February 22, 2014 | By Nick Reed
For two decades I worked a desk at ICM as an agent, championing talented artists and their film projects, including big ones like the "Austin Powers" and "Bourne Identity" franchises. A huge turning point for me came three years ago; my father and mother got very ill, and the meaning of life changed for me. I decided to leave the desk job and became a producer. During my first year, it felt like a bungee jump, huge elation at freedom and the sudden jolt as the rope hit bottom and then bounced back and forth.
February 22, 2014 | By Martha Groves
For Chasten Bowen, news that France is negotiating with the U.S. to pay reparations to Holocaust survivors who were transported on French rail cars to Nazi concentration camps during World War II comes too late. “I'm just about ready to leave this world,” said the 89-year-old Anaheim resident. “If there's money available, there are others who need it worse than I do.” Stuart Eizenstat, a Washington lawyer who advises the State Department on Holocaust issues, said Friday that the French government entered into formal talks with the U.S. State Department on Feb. 6 regarding reparations and hopes to wrap up an agreement by the end of the year.
February 21, 2014 | By Timothy M. Phelps
WASHINGTON - Seventy-two years after Nazis began deporting French Jews to concentration camps, the French government is negotiating to pay reparations for the first time to several hundred Holocaust survivors now living in the U.S. who survived unspeakable conditions while being transported in government-owned rail cars and in the death camps at the end of the line. Stuart Eizenstat, a Washington lawyer who advises the State Department on Holocaust issues, said in an interview Friday that the French government entered into formal talks Feb. 6 and appeared to be intent on wrapping up negotiations by the end of the year.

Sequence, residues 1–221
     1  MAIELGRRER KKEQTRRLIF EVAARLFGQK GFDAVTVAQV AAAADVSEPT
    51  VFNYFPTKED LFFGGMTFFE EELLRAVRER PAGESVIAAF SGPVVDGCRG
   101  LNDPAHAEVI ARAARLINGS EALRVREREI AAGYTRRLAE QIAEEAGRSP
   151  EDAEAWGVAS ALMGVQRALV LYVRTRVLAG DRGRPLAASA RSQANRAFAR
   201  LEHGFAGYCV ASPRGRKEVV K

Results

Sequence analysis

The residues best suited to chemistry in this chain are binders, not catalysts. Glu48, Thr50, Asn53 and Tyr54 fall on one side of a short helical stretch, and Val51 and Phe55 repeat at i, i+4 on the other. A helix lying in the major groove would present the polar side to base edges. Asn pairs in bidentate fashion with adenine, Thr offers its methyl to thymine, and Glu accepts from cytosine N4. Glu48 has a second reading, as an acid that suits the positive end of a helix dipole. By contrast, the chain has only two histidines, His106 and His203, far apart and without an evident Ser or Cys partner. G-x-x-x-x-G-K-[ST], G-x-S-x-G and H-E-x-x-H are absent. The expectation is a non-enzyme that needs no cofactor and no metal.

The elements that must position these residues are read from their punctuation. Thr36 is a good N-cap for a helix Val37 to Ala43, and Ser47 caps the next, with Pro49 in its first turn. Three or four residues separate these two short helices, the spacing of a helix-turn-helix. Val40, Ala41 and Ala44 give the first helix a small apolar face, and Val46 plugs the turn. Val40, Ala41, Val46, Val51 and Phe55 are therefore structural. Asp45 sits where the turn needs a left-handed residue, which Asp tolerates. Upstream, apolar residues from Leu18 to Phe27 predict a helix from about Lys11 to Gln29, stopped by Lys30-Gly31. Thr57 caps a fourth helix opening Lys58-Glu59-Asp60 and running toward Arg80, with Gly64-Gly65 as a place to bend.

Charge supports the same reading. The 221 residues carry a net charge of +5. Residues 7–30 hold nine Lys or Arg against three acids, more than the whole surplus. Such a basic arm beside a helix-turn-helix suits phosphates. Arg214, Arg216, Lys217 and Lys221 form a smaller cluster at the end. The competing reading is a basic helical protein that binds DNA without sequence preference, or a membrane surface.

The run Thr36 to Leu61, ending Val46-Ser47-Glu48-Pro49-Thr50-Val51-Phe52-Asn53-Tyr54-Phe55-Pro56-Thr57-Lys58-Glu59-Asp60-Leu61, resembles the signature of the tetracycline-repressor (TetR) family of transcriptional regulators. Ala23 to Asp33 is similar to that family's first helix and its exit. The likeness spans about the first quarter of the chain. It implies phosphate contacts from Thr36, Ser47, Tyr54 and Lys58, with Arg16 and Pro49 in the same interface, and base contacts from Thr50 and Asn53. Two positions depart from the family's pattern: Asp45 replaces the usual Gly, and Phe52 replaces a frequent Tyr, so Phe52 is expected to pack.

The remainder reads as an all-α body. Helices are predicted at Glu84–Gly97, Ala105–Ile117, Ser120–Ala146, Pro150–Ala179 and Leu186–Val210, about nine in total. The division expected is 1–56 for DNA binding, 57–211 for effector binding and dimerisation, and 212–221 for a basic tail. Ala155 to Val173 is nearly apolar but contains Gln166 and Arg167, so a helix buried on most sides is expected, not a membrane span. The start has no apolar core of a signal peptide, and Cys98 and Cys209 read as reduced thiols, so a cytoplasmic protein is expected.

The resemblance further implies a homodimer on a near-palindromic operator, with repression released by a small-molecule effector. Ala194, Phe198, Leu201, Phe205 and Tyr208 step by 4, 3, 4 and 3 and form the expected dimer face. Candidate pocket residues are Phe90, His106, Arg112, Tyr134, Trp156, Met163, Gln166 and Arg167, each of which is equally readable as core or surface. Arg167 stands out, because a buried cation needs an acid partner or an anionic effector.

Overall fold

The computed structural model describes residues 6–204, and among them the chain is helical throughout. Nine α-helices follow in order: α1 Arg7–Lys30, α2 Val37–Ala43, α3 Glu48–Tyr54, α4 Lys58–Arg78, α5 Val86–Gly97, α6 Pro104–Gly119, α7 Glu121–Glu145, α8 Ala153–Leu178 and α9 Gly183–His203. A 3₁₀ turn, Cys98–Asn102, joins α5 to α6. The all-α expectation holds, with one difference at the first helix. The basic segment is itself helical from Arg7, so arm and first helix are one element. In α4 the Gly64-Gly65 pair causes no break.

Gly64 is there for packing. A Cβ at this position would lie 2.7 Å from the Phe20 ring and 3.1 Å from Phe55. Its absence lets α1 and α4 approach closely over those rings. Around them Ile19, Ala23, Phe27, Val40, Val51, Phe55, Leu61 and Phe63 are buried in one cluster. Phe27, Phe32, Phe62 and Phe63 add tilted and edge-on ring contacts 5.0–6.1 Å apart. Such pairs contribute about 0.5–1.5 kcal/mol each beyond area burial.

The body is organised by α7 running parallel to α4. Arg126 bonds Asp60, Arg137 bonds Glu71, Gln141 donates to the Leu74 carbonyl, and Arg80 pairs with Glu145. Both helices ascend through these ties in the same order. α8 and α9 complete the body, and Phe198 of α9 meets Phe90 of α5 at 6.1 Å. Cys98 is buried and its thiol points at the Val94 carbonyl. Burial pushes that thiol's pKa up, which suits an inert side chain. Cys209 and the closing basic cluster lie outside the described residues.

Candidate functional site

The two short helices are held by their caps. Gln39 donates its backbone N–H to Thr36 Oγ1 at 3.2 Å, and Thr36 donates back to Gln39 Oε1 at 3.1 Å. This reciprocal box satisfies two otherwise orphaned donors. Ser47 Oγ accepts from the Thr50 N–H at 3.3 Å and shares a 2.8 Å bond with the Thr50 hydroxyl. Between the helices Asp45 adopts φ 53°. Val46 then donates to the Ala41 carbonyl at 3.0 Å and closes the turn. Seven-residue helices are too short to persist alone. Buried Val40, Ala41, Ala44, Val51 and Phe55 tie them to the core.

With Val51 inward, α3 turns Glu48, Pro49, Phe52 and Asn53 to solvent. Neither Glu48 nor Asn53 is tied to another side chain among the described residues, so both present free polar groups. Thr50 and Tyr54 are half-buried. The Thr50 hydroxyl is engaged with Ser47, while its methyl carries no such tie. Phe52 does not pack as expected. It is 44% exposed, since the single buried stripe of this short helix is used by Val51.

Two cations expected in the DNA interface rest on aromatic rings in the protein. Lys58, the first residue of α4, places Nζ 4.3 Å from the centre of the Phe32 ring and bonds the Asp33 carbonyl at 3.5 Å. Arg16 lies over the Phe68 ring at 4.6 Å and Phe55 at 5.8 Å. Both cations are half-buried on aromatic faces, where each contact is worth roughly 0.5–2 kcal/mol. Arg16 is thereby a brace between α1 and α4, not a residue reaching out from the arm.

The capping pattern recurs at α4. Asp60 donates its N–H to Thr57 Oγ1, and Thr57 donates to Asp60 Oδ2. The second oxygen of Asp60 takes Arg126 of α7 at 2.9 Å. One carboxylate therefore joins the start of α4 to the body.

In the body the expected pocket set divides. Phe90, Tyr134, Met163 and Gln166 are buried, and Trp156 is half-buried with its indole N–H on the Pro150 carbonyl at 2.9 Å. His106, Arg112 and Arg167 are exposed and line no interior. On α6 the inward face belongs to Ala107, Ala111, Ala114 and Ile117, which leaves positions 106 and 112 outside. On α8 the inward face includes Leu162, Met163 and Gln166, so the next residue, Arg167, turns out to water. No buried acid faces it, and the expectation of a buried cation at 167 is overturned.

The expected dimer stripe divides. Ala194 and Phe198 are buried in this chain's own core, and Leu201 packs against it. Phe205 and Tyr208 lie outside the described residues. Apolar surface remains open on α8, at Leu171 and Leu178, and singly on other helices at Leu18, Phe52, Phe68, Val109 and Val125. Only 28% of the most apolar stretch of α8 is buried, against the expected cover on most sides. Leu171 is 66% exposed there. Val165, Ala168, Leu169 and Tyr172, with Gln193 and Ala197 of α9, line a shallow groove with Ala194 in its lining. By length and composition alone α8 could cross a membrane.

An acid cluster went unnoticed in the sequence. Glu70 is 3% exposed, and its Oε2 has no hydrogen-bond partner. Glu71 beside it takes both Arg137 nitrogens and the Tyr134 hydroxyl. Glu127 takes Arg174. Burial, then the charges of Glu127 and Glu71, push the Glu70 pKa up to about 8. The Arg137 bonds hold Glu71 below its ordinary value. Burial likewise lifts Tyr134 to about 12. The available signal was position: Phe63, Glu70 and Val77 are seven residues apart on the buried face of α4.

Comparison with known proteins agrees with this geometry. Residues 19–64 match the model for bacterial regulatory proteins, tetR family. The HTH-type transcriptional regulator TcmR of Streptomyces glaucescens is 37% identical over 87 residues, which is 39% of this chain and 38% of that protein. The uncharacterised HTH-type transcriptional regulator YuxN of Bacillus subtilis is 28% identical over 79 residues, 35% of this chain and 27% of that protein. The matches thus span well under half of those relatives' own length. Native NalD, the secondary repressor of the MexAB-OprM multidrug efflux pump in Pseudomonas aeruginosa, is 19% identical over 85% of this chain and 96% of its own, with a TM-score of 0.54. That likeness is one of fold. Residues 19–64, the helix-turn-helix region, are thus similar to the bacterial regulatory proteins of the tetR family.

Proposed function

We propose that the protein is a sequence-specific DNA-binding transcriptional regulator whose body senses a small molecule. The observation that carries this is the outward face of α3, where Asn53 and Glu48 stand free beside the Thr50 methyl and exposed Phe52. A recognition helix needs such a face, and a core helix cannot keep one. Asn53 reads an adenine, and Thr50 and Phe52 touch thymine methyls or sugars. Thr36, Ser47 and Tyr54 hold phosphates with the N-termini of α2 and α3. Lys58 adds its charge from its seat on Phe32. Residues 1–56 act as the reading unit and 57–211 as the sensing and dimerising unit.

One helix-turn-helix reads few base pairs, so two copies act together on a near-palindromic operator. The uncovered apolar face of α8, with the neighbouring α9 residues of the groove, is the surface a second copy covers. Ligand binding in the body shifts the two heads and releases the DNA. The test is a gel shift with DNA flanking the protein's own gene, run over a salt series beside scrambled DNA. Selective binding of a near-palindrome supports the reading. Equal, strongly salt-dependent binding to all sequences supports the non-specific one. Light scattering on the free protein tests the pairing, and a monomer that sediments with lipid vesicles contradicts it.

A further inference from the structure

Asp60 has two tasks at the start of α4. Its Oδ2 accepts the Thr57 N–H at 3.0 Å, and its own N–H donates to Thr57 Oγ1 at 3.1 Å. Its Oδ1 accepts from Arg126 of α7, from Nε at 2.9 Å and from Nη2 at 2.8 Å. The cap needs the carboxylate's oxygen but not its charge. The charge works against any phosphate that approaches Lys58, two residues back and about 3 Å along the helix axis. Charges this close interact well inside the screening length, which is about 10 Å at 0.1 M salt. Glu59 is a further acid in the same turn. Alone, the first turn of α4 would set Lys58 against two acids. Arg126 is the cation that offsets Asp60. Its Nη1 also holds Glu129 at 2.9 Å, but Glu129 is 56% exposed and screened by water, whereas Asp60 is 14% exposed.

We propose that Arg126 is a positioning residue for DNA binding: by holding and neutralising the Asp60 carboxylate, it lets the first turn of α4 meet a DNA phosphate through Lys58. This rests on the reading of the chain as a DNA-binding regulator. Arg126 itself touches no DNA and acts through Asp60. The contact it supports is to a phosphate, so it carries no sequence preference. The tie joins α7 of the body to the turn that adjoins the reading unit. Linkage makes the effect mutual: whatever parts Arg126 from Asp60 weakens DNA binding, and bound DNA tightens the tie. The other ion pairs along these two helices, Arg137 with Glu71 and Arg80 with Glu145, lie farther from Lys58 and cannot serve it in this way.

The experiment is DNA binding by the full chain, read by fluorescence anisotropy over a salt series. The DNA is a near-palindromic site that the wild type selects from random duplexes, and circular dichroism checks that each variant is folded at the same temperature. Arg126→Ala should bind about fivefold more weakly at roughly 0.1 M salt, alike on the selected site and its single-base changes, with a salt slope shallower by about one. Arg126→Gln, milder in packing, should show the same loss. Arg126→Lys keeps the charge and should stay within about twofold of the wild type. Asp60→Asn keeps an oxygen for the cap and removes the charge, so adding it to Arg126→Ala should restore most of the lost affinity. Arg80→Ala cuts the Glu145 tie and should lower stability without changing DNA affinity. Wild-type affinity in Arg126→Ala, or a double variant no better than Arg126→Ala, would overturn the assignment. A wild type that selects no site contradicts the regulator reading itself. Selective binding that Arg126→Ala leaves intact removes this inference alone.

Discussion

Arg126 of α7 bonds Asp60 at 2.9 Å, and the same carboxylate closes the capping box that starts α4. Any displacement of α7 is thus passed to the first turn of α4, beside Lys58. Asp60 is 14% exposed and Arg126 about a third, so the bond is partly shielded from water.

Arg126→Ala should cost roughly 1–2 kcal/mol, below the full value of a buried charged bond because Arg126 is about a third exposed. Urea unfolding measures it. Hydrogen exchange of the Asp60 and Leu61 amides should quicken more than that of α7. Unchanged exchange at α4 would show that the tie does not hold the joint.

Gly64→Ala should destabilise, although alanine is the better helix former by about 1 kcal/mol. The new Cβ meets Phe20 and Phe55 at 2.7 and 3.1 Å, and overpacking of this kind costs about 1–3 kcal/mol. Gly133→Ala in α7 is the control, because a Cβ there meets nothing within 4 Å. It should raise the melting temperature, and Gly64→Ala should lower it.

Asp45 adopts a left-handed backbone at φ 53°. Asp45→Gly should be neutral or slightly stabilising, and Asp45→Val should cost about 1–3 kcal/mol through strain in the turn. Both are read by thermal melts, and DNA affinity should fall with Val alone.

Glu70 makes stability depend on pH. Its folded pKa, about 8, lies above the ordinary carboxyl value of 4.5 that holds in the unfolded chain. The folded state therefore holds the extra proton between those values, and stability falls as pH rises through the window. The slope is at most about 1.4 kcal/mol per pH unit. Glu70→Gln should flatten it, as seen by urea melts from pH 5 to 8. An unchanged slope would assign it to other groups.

February 13, 2014 | By Martin Tsai
This year's Academy Award documentary short subject nominees prove more substantial than their animation and live-action counterparts. Of the three Oscar shorts categories, the docs - a supersized collection of works broken down here into two separate programs - are the most cohesive bunch, with themes of mortality and reconciliation. Two shorts from Program A feature subjects already well documented elsewhere. "The Lady in Number 6" profiles Alice Herz Sommer, the now-110-year-old pianist who recited Chopin's études from memory while inside the Theresienstadt concentration camp in what is now the Czech Republic.
February 2, 2014 | By Nita Lelyveld
Painful memories have the power to surface fresh and raw, even after many years. A great-grandmother once again can become a terrified little girl. A grandfather surrounded by friends and family can feel all alone in a vicious world. So it was at the Los Angeles Jewish Home in Reseda the other afternoon, when the drama club put on a play. The audience was made up almost entirely of octogenarians and nonagenarians. The cast ranged in age from 85 to 92. The performance understandably didn't rely on action.
Los Angeles Times Articles